• Subject: Dime Box - Old Railroad Bridge
    Dear Editor, Through a cousin of mine, I just stumbled upon your web site and specifically the "Dime Box" page and found it interesting, especially since I was born and raised right next to the original location of the big black railroad bridge that you have pictured. Our family's estate, the Moses place, was a Stephen F. Austin land grant homestead (260 acres) that was the one split in half by the SP railroad. My Grandfather, Asa P. Moses insisted that SP build the bridge to accommodate the movement of cattle, horses, tractors, etc. from one section of property to the other, as needed.

    I happen to have a vintage (1986) photograph of that old bridge that my wife was blessed to win during the Dedication of the bridge when it was dismantled and moved to downtown Dime Box. The photograph was taken prior to its being dismantled and I thought you might like to use it on your site. God Bless, Allan Moses, February 09, 2006

  • I was looking for pictures of Dime Box Texas and found your website. I enjoyed your story and agree on the chickens. In 1981 I worked on the remodeling of the cafe in your picture. I was employed by Dime Box Lumber as a carpenter. Probably the first "YANKEE" they ever hired. Maybe the last! The pay was 1/2 of what Houston jobs paid. I always thought that was why it was called Dime Box. Your story clarified that.

    I will always cherish the time I spent there and in nearby Giddings. Someday I hope to visit the area and enjoy the stillness it has to offer. My heart goes out to all the wonderful people whom I worked with at the former Lee Memorial Hospital in Giddings. Sincerely Yours, Richard Benton, March 19, 2005

  • I'm doing research on Dime Box, particularly "Old" Dime Box, for a book I'm writing. I lived there when I was young and remember bits and pieces of it. I enjoyed the pictures you had on the webpage for it.

    I spent only a year or so there, but fell in love with the place. So far from "reality" as far as I was concerned, moving in from the "big city" of Houston (and I had lived in Dallas). It wasn't even on the same planet. I wrote my first science fiction story here, in fifth grade (and was told I blasphemed against God, which of course, only incited me to write more). Fifth grade consisted of 3 students including me, and a teacher who said things like "cleanliness was next to Godliness" and other [things] that drove us all crazy. We had to say "Amen" after each one. I got pretty wild out there and I guess that's why I loved it so. We raised horses and chickens (I hate chickens to this day) and a couple of milk cows, and a vegetable garden. We picked fruit for our landlady and traded for other foodstuffs. The people there were about as "wild west" as I'd ever seen (alive), carrying guns right on their body all over the place (though never in school and rarely in church). I learned to shoot tin cans (hey they stayed still, mostly) but couldn't bring myself to kill anything moving except bugs, snakes and the armadillos that rooted in the gardens and ate it up. We had no electricity in the house, no heat other than a pot belly stove, no running water (an outhouse and a water pump well), and no insulation in the walls. But I had a lot of fun and found the stars and fell in love with them.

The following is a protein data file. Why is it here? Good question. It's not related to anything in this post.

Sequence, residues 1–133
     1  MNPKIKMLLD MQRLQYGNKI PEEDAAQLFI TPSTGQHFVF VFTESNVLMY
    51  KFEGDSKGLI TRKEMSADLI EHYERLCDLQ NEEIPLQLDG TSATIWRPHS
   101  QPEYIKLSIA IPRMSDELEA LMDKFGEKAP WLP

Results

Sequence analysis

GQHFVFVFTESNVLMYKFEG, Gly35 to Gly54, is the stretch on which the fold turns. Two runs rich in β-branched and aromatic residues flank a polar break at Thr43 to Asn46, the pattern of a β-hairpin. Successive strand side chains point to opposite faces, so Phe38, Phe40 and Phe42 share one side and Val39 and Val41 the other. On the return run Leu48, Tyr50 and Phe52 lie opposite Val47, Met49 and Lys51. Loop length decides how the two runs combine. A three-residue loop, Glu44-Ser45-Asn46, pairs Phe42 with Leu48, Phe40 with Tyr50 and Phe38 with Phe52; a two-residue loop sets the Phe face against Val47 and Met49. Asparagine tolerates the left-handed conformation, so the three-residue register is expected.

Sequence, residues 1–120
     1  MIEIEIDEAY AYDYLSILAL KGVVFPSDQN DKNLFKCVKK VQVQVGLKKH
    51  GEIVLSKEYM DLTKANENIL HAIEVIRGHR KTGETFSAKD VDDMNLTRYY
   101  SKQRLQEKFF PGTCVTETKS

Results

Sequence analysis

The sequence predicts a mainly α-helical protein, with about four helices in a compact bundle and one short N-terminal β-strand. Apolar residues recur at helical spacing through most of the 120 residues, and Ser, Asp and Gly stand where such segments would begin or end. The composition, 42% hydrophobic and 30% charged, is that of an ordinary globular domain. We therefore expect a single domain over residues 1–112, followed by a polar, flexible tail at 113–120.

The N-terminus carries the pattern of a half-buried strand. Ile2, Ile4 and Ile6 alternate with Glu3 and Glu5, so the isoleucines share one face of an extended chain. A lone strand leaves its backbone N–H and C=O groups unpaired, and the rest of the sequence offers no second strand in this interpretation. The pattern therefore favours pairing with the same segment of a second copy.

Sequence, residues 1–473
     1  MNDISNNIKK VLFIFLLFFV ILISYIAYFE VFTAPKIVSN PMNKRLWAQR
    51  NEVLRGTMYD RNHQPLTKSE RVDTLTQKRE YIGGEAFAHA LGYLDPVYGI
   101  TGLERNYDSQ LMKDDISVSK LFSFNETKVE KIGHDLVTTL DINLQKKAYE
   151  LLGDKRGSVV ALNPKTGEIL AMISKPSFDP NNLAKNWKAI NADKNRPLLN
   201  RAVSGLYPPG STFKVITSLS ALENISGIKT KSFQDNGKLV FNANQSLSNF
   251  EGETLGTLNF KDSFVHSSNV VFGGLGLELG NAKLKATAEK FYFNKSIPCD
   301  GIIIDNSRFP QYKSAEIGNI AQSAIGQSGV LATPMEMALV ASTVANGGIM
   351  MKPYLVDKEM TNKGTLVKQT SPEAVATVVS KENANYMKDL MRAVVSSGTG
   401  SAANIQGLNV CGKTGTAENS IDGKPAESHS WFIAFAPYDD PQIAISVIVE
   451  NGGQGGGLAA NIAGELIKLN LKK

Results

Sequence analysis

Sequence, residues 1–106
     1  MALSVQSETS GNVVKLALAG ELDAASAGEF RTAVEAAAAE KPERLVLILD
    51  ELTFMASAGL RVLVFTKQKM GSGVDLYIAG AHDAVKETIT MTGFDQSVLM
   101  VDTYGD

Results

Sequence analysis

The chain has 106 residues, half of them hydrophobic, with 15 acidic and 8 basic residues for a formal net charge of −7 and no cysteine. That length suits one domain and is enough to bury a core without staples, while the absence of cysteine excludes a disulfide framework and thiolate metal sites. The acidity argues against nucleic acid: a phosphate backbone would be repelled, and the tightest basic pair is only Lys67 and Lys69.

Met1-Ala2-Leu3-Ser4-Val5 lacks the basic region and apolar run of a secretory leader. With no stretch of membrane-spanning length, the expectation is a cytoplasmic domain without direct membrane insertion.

The bridge pictured on that page (if it's the same one I am thinking of, and I could be wrong, since it's been a long time), I remember well. My Dad would stop just as he passed over the first of it and would stop, make us get out of the car, and walk the rest of the way across, to look for broken planks. I thought it was great fun. Being the oldest, I knew it was all a set up, but my younger brother and sisters didn't, so I didn't let on. I would act it up, pretend I found a weak board and wave my arms like I might fall. The bridge is still in my dreams.

    I hope to drive down there soon and reminisce and take pictures. I doubt the house we lived in is still standing, but I want to get the flavor of the area before I start writing. The book will be fiction, a collection of short stories, based on nothing in particular but my wild imagination and some of the history and whatever gossip I can pick up here and there and from my crazy family. :)

    Thanks for the hard work you have both put into the site. Very well done.- Alley Hauldren, Grand Prairie, TX, January 2, 2005


    Texas Escapes, in its purpose to preserve historic, endangered and vanishing Texas, asks that anyone wishing to share their local history and vintage/historic photos, please contact us.

    Related Topics:
    Texas Towns | Texas Ghost Towns | Texas | Hotels
  • Dime Box, Texas
    Area Towns:
    Giddings
    Brenham
    Lexington
    Austin
    Book Hotel Here:
    Giddings Hotels
    Brenham Hotels
    Austin Hotels
    More Hotels
    More Texas Towns & Hotels:
    Central Texas South
    Texas Towns
    Texas Ghost Towns
    Texas
    Hotels
    Custom Search

    Giddings Hotels
    Find Hotel Deals in Giddings, Texas
    Book Here


    Brenham Hotels
    Find Hotel Deals in Brenham, Texas
    Book Here

    TEXAS ESCAPES CONTENTS
    HOME | TEXAS ESCAPES ONLINE MAGAZINE | HOTELS | SEARCH SITE
    TEXAS TOWN LIST | TEXAS GHOST TOWNS | TEXAS COUNTIES

    Texas Hill Country | East Texas | Central Texas North | Central Texas South | West Texas | Texas Panhandle | South Texas | Texas Gulf Coast
    TRIPS | STATES PARKS | RIVERS | LAKES | DRIVES | FORTS | MAPS

    Texas Attractions
    TEXAS FEATURES
    People | Ghosts | Historic Trees | Cemeteries | Small Town Sagas | WWII | History | Texas Centennial | Black History | Art | Music | Animals | Books | Food
    COLUMNS : History, Humor, Topical and Opinion

    TEXAS ARCHITECTURE | IMAGES
    Courthouses | Jails | Churches | Gas Stations | Schoolhouses | Bridges | Theaters | Monuments/Statues | Depots | Water Towers | Post Offices | Grain Elevators | Lodges | Museums | Rooms with a Past | Gargoyles | Cornerstones | Pitted Dates | Stores | Banks | Drive-by Architecture | Signs | Ghost Signs | Old Neon | Murals | Then & Now
    Vintage Photos

    TRAVEL RESERVATIONS | USA | MEXICO

    Privacy Statement | Disclaimer | Contributors | Staff | Contact TE
    Website Content Copyright ©1998-2013. Texas Escapes - Blueprints For Travel, LLC. All Rights Reserved